The Amsterdam Klezmer Band has been based in Mokum (Yiddish for Amsterdam), itself once the ‘Jerusalem of the North’, since 1996 and is now celebrating the Klezmer tradition on a Global scale. Since the fall of the Berlin Wall and the brushing aside of the Iron Curtain, Amsterdam has once again become a magnet to musicians from Eastern Europe. Singer Alec Kopyt, who came to Amsterdam from Odessa, is a good example: “If someone had told me 28 years ago back in the Ukraine that I, a 19 year old rock freak, would end up performing the traditional music of my fatherland and would actually learn to love it, I’d have laughed in their face”. This was his comment in 2006 on the release of the album ‘Remixed!’. Kopyt is once again the front man for the new album, acting as a bridge between the two harbour cities of Odessa and Amsterdam. Now and again Chajes takes over the microphone to sing lines such as: “I was born in a town that was built on stilts and where you can eat gefilte fish”.

This much is clear: They may be based in Amsterdam, but together they form an international outfit that stands for much more than Klezmer alone. The new CD is a boisterous testimonial to this. In fact, they might as well have been called the Amsterdam Klezmore Gang: Thanks to them, the whole mishpocha now laughs when it used to cry.

Amsterdam Klezmer Band is both streetwise and classically trained; the band stands for tradition and innovation; they bowl party tents over as easily as draws tears in the theatre. The band plays Klezmer and Balkan, Ska and Jazz, Gypsy and Hiphop. Their music is many things to many people, but first and foremost: it’s a party.

In fifteen years, a bunch of Amsterdam buskers has grown into an international seven-headed klezmer beast. Those who come expecting a traditional evening (because of the name) will get quite a shock. The AKB has moulded its own, unorthodox sound, where a Jewish traditional can be accompanied by a rap or a growling sax solo.

And yet, their roots can even be heard when the music is remixed by world-renowned DJs such as C-Mon & Kypski or Shantel. They play at venues and festivals throughout Europe, and have travelled to such distant countries as Brazil, Mexico and South Korea. But no matter whether it’s the Hong Kong Jazz Festival or the Concertgebouw, Sziget or a bar in Slovenia, Lowlands or a Turkish boulevard: there will be dancing.

Saxophonist and band leader Job Chajes calls AKP a “mini brass band” that consists of three wind instruments, percussion, bass, accordion and a singer with a gravelly voice. “We still don’t have a drummer, nor do we use any electronics. Our musicians are not only part of the band but are all excellent soloists in their own right; this is part of the unique nature of the band.”

Chajes discovered his Jewish musical roots when busking during the early nineties. He had dropped out of college, and was busking to supplement his benefit money. The klezmer sound had become somewhat forgotten in Amsterdam, but people quickly warmed to it. Before long, his hat started to accumulate not only guilders but also the visiting cards of various parties and festivals. By this time, the repertoire already including the adventurous rhythms made popular by the Gypsy bands that also performed in Amsterdam.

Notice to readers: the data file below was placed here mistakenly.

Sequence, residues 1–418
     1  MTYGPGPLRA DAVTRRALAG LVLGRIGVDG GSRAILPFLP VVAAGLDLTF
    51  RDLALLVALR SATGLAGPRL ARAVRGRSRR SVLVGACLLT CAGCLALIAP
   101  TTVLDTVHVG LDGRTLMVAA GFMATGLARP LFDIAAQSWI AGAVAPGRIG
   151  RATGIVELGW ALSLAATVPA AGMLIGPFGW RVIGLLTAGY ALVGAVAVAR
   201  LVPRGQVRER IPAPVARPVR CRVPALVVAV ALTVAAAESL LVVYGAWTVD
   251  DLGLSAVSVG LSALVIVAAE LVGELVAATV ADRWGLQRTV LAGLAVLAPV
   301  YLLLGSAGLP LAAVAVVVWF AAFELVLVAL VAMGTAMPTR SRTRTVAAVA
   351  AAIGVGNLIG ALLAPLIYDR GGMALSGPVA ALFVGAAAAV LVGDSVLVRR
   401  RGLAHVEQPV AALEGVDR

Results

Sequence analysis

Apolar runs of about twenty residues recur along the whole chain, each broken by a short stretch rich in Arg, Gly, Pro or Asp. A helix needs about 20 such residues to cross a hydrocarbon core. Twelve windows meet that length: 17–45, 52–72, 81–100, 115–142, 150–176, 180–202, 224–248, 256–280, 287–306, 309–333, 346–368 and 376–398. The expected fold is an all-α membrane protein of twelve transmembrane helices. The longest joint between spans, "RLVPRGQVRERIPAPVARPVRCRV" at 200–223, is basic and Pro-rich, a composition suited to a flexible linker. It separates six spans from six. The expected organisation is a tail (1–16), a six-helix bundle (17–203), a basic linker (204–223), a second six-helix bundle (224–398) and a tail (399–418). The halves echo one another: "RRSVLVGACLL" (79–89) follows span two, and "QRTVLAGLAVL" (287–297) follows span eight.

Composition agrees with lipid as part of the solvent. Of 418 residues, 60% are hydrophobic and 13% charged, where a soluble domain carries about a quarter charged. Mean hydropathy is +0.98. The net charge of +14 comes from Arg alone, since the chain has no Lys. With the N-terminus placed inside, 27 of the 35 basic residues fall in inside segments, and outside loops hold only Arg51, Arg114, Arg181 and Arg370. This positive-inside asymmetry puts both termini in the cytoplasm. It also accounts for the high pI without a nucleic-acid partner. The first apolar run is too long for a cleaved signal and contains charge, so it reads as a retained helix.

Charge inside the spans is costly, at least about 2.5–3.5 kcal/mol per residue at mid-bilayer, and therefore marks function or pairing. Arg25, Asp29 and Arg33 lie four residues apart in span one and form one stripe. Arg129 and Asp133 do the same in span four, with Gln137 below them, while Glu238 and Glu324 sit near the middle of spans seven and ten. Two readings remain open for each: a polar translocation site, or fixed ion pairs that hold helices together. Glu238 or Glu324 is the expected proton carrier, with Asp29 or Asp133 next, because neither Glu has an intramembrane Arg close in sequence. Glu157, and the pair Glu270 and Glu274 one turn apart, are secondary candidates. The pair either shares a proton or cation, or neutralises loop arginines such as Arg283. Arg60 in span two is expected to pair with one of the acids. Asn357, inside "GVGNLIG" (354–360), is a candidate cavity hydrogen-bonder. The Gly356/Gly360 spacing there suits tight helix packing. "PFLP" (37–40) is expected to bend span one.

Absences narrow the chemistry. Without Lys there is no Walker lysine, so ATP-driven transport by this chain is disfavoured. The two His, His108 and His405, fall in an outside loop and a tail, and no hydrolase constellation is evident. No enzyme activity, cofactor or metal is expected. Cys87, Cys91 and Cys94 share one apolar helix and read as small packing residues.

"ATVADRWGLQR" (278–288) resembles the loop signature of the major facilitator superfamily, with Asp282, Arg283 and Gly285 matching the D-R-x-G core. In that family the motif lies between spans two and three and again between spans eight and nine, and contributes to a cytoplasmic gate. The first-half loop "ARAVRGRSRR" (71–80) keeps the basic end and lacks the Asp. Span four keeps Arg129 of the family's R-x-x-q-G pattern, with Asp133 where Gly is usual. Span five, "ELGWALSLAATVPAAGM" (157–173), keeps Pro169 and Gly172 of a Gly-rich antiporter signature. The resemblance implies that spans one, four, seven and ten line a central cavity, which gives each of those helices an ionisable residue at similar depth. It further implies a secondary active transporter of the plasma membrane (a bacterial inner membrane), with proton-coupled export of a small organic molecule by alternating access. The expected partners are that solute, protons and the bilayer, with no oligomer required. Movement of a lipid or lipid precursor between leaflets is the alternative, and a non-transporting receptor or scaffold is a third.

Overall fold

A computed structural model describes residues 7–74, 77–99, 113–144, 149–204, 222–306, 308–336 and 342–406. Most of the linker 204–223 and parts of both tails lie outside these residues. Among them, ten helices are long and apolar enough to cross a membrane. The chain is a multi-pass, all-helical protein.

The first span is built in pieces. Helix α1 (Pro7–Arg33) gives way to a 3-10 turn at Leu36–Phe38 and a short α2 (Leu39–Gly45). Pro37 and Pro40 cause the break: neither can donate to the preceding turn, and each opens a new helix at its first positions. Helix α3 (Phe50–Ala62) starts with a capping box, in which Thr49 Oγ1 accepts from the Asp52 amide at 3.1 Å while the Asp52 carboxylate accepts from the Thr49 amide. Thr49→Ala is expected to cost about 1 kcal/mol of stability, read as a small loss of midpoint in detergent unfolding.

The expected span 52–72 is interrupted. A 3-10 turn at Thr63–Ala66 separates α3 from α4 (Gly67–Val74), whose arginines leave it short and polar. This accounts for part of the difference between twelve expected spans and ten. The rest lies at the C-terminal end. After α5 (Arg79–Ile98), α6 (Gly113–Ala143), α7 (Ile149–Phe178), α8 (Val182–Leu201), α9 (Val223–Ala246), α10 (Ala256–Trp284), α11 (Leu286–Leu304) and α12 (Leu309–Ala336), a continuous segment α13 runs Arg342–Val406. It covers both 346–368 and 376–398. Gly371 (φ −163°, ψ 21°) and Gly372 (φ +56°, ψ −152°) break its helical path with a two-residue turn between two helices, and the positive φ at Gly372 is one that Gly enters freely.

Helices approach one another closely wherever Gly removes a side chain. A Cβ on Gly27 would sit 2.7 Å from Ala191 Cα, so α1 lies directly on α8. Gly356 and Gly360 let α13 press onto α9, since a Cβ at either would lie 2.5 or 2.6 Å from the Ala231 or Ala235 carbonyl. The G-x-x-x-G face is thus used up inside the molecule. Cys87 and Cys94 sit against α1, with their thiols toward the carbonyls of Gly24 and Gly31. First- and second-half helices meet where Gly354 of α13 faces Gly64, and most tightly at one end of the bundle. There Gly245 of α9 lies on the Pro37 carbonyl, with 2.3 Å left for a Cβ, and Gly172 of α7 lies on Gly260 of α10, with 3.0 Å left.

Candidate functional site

1997 was the official year of birth of the Amsterdam Klezmer Band. They played as a quartet at the Oerol festival, at several liberation festivals and at street music festivals in Italy, Switzerland and Slovenia. However the real breakthrough was when they brought the house down at the Noorderslag festival in Groningen in 2001. The following day brought glowing reviews and calls from booking agencies and a TV show.

By that time, AKB was already the seven-piece band it is today. Alec Kopyt, the singer, lends the band a voice that is drenched in the bittersweet traditions of his hometown Odessa. The extended wind section caters for the Balkan and Klezmer tradition as well offering a generous helping of Funk, Jazz, Ska and Hiphop.

Since 1997 there have been more than a thousands performances and eleven albums. The band members are the spiritual kindred of the ‘klezmorim’: the professional Jewish musicians who trekked across Europe two centuries ago. The band has lost count of the amount of countries it has played in.

AKB was successful long before the Balkan hype became a worldwide phenomenon. They suddenly found themselves being sampled and mixed by dance producers, to their own astonishment. It appeared that the unique sound of the seven band members was perfect for the popular ‘Balkan Beat’. Even though this hype has died down, AKB continues to be busier than ever. The fifteenth anniversary of the band was celebrated with a big party in the pop temple Paradiso; it was AKB’s one-thousandth concert.

While still on the current tour, the band is already at work on the next album. Each of the seven members provides material. “We are a democratic band,” according to Job Chajes. “Sometimes, that can be a problem and lead to dilemmas, but it’s that friction and diversity that gives us our own sound.” That sound remains new and refreshing, and gets great reviews, time and again. Good reviews are well and good, but the band started on the streets and the streets remain their natural home. More important than the critics’ opinion is that people get up and dance and follow in the swinging footsteps of the mini brass band.

(by Leendert van der Valk)


Jasper de Beer: double bass, guitar banjo, backing vocals

Job Chajes: alto saxophone, vocals

Alec Kopyt: vocals, percussion

Gijs Levelt: trumpet

Joop van der Linden: trombone, percussion

Janfie van Strien: clarinet, backing vocals

Theo van Tol: accordion


- Mesjogge (MC 1996)

- Leib in de Pijp (MC, 1997)

- De Amsterdam Klezmer Band (MC and CD 1999)

- Mala Loka (CD, Syncoop – 5760 CD 2460)

- Limonchiki (CD, Knitting Factory – KFW300)

- Katakofti (with Galata Gypsie Band) Kalan Records

- SON (Connecting Cultures 2005)

- Amsterdam Klezmer Band Remixed (Essay Recordings 2006)

- ZARAZA (Essay Recordings 2009)

-Katla (Essay Recordings 2011)

-Mokum (Essay Recordings 2012)